Note : (E) Estimated data
Syria’s long civil war has caused the near collapse of the economic output. Much of the infrastructure was destroyed and the economic sanctions are limiting access to financing. The Lebanese crisis, the tougher sanctions introduced by the Caesar Act and the COVID-19 outbreak further impacted all economic sectors.
Agriculture represents around 36.6 of its GDP and is estimated to employ 10% of the workforce (World Bank, latest data available); agriculture has always been a fragile sector since it directly depends on climate conditions and especially on water scarcity, a key regional factor. Spices, olive and olive oil, cotton, wheat and barley are among the main crops and exports. In 2021, a decline in irrigated land area, low precipitation, and fuel shortages adversely affected wheat crops. The latest figures from FAO show that in the 2021/22 crop season, wheat production was estimated at around 1.1 million tonnes, with a marginal improvement compared to the 2021 harvest, but still one‑quarter of the pre‑crisis average of 4.1 million tonnes (2002‑2011). At 300,000 tonnes, barley production was about 15% of the plentiful harvests gathered in 2019 and 2020 and less than 40% of the pre‑crisis average.
Industry had a relatively important place, owing to textile, chemical and oil industries, the latter representing 14% of the Syrian GDP prior to the war. Industry, as a whole, accounts for 22.1% of the economy and employs around 23% of the workforce (World Bank). The hydrocarbon sector is essential to the Syrian economy and contributes up to 65% of the country’s exports. Since the start of the conflict, industrial production declined, affected by shortages in fuel and power, limited access to capital, severe destruction of infrastructure, and the relocation of major manufacturing bases.
The tertiary sector, mainly the tourism sector, was well established before the civil war and currently represents 41.3% of GDP (World Bank). Despite the war, a number of foreign banks are still operating. The sector of services is estimated to employ 67% of the workforce (World Bank).
|Breakdown of Economic Activity By Sector||Agriculture||Industry||Services|
|Employment By Sector (in % of Total Employment)||10.1||23.2||66.7|
|Value Added (in % of GDP)||36.6||22.1||41.3|
|Value Added (Annual % Change)||2.8||-14.8||-3.0|
Source: World Bank, Latest data available.
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The Economic freedom index measure ten components of economic freedom, grouped into four broad categories or pillars of economic freedom: Rule of Law (property rights, freedom from corruption); Limited Government (fiscal freedom, government spending); Regulatory Efficiency (business freedom, labour freedom, monetary freedom); and Open Markets (trade freedom, investment freedom, financial freedom). Each of the freedoms within these four broad categories is individually scored on a scale of 0 to 100. A country’s overall economic freedom score is a simple average of its scores on the 10 individual freedoms.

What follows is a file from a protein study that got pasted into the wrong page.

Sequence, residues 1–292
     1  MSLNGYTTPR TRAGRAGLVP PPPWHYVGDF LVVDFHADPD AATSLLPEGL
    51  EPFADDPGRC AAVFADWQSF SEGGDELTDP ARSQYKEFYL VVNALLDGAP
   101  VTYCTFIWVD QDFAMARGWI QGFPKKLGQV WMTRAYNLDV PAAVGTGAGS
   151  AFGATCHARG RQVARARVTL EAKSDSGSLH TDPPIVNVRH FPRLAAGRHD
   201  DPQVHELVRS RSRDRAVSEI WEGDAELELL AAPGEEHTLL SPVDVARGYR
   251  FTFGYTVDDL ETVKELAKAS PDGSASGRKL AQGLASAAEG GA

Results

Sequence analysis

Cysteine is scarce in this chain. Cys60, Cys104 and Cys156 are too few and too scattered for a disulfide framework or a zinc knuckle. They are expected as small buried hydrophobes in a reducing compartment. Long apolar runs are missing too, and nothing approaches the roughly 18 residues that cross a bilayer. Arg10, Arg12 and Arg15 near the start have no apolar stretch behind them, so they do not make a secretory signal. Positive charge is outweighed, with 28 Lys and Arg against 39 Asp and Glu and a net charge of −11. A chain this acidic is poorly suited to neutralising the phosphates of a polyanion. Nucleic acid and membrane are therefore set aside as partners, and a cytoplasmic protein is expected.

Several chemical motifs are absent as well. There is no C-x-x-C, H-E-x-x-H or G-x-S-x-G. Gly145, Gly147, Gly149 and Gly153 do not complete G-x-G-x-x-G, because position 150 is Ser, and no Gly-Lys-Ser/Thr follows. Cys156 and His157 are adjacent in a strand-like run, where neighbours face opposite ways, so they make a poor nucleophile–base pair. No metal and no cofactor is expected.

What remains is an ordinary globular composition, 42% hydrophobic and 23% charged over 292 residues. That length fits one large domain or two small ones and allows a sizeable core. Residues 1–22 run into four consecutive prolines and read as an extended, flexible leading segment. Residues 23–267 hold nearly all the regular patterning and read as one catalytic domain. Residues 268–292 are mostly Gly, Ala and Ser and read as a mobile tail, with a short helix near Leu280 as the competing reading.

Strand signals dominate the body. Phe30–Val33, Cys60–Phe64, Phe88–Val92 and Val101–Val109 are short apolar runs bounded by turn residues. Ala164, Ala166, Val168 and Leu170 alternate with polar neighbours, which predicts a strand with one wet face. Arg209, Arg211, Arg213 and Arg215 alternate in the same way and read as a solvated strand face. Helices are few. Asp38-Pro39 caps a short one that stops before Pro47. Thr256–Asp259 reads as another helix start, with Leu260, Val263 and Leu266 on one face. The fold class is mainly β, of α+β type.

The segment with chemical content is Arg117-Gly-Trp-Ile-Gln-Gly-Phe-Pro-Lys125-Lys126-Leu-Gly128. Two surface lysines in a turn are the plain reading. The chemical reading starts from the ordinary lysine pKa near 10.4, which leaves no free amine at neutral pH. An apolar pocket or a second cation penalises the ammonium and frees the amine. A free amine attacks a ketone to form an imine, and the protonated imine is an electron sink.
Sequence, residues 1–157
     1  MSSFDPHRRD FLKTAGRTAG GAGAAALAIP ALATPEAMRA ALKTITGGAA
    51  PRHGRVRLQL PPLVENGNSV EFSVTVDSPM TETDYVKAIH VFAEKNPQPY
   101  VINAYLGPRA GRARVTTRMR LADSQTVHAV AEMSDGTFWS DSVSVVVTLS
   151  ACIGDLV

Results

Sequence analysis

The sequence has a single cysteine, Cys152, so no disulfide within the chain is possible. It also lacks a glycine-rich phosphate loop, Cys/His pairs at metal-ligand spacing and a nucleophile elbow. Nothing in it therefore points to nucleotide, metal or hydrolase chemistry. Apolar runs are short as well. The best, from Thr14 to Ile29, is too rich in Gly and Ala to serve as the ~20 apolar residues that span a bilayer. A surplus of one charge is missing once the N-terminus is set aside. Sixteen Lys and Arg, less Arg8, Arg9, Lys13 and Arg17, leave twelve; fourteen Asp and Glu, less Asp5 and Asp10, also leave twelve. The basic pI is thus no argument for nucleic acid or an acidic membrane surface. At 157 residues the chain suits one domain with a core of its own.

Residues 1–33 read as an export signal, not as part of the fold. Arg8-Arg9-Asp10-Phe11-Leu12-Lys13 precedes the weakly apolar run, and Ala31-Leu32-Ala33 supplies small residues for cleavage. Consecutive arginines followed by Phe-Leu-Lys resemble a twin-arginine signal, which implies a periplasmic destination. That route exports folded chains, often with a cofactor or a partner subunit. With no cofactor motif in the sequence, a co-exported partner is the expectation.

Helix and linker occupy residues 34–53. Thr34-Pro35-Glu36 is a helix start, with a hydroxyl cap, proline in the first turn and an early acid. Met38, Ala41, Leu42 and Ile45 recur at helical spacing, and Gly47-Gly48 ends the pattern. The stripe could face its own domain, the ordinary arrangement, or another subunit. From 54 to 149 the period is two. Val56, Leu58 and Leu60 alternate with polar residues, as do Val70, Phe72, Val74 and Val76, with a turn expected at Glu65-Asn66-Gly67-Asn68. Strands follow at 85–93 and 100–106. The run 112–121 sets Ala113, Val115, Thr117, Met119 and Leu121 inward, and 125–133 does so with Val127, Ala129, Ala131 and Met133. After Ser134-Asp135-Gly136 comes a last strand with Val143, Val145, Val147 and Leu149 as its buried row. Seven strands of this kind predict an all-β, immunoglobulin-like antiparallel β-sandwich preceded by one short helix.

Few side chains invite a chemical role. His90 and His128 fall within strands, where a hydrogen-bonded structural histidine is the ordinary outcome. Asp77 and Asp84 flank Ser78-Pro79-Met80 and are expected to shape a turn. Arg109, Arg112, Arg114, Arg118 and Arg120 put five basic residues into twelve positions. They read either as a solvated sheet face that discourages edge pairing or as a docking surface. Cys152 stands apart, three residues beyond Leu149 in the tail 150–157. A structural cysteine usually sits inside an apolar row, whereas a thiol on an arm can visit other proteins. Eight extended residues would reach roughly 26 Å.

The world rankings, published annually, measures violations of press freedom worldwide. It reflects the degree of freedom enjoyed by journalists, the media and digital citizens of each country and the means used by states to respect and uphold this freedom. Finally, a note and a position are assigned to each country. To compile this index, Reporters Without Borders (RWB) prepared a questionnaire incorporating the main criteria (44 in total) to assess the situation of press freedom in a given country. This questionnaire was sent to partner organisations,150 RWB correspondents, journalists, researchers, jurists and human rights activists. It includes every kind of direct attacks against journalists and digital citizens (murders, imprisonment, assault, threats, etc.) or against the media (censorship, confiscation, searches and harassment etc.).
The Indicator of Political Freedom provides an annual evaluation of the state of freedom in a country as experienced by individuals. The survey measures freedom according to two broad categories: political rights and civil liberties. The ratings process is based on a checklist of 10 political rights questions (on Electoral Process, Political Pluralism and Participation, Functioning of Government) and 15 civil liberties questions (on Freedom of Expression, Belief, Associational and Organizational Rights, Rule of Law, Personal Autonomy and Individual Rights). Scores are awarded to each of these questions on a scale of 0 to 4, where a score of 0 represents the smallest degree and 4 the greatest degree of rights or liberties present. The total score awarded to the political rights and civil liberties checklist determines the political rights and civil liberties rating. Each rating of 1 through 7, with 1 representing the highest and 7 the lowest level of freedom, corresponds to a range of total scores.
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Latest Update: September 2023